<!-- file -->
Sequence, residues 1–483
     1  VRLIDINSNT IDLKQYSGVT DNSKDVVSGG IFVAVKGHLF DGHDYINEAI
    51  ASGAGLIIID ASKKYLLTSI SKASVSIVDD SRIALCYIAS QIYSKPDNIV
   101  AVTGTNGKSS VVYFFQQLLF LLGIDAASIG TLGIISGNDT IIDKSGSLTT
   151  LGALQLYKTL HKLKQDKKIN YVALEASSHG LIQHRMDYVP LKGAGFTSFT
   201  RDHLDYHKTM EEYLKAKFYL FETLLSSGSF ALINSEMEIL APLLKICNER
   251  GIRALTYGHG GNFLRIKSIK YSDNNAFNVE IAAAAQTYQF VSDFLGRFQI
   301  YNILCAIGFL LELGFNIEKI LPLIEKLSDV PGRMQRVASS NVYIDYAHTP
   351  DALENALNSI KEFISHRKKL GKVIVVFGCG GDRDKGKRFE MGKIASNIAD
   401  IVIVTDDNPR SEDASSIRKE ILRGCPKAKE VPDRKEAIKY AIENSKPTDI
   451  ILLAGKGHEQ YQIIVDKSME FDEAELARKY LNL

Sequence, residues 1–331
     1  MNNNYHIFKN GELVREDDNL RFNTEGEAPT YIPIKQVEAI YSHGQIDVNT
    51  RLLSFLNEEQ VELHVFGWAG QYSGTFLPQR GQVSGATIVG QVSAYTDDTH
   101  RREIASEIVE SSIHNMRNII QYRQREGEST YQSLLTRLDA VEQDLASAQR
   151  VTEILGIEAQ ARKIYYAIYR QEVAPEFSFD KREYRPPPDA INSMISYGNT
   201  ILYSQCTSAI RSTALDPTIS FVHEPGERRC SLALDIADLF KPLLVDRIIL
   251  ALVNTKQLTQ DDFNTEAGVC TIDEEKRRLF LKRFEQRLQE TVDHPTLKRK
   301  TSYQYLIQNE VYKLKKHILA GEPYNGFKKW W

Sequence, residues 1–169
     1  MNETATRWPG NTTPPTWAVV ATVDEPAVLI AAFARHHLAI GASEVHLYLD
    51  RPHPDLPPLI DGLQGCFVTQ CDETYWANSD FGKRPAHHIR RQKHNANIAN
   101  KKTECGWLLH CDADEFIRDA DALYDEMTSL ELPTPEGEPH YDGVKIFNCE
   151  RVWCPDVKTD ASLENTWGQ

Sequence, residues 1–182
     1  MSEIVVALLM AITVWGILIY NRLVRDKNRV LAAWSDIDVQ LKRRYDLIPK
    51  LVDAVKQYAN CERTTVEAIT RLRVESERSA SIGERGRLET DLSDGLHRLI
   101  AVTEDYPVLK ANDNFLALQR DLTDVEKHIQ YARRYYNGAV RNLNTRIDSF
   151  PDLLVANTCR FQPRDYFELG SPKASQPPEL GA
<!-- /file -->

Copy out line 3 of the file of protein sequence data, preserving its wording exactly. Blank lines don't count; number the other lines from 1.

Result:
    51  ASGAGLIIID ASKKYLLTSI SKASVSIVDD SRIALCYIAS QIYSKPDNIV